Then I saw Markovitch and Semyonov.
I had no doubt at all that the moment had at last arrived. It was as though I had seen it all somewhere before. Semyonov was standing a little apart leaning against a tree, watching with his sarcastic smile the movements of the crowd. Markovitch was a little way off. I could see his eyes fixed absolutely on Semyonov. He did not move nor notice the people who jostled him. Semyonov made a movement with his hand as though he had suddenly come to some decision. He walked slowly away in the direction of the palace. Markovitch, keeping a considerable distance from him, followed. For a moment I was held by the crowd around me, and when at last I got free Semyonov had disappeared, and I could just see Markovitch turning the corner of the palace.
I ran across the grass, trying to call out, but I could not hear my own voice. I turned the corner, and instantly I was in a strange place of peace. The old building with its wooden lattices and pillars stood melancholy guard over the dead pond on whose surface some fragments of ice still lay. There was no sun, only a heavy, oppressive air. All the noise was muffled as though a heavy door had swung to.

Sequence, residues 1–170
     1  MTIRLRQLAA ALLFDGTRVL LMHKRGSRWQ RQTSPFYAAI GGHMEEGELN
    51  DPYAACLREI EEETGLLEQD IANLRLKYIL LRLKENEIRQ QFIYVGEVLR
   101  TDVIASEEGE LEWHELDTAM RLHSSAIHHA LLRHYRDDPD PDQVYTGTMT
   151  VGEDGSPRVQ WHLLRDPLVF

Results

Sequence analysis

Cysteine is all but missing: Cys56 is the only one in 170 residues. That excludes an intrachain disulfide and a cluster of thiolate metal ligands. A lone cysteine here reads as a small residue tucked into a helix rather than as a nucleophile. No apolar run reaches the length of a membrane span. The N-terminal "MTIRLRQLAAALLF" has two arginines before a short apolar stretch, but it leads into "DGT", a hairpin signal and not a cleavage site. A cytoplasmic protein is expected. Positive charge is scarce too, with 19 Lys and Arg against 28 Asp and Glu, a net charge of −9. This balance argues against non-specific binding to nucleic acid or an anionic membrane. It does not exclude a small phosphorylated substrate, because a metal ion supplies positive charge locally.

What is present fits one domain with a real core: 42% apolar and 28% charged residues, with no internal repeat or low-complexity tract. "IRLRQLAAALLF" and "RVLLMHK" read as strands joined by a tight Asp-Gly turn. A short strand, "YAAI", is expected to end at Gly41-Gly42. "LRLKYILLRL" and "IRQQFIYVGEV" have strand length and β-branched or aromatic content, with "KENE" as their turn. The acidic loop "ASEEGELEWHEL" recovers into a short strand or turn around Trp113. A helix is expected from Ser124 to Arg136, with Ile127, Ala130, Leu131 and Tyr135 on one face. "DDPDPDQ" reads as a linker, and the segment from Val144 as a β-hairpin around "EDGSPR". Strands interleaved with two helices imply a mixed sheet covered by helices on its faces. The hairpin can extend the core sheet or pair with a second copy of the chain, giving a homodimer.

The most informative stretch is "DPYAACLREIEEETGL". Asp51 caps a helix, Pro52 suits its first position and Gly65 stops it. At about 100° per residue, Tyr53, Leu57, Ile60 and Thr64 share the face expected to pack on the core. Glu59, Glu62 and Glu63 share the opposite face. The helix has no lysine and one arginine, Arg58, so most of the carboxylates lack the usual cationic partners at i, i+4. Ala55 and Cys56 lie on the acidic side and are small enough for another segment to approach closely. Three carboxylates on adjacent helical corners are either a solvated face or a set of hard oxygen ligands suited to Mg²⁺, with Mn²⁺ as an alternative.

They were standing quite close to me. Semyonov had turned and faced us both. I saw him smile, and his lips moved. A moment later I saw Markovitch fling his hand forward, and in the air the light on the revolver twinkled. I heard no sound, but I saw Semyonov raise his arm, as though in self-defence. His face, lifted strangely to the bare branches, was triumphant, and I heard quite clearly the words, like a cry of joy and welcome:
“At last!... At last!”
He tumbled forward on his face.
I saw Markovitch turn the revolver on himself, and then heard a report, sharp and deafening, as though we had been in a small room. I saw Markovitch put his hand to his side, and his mouth, open as though in astonishment, was suddenly filled with blood. I ran to him, caught him in my arms; he turned on me a face full of puzzled wonder, I caught the word “Vera,” and he crumpled up against my heart.
Even as I held him, I heard coming closer and closer the rough triumphant notes of the “Marseillaise.”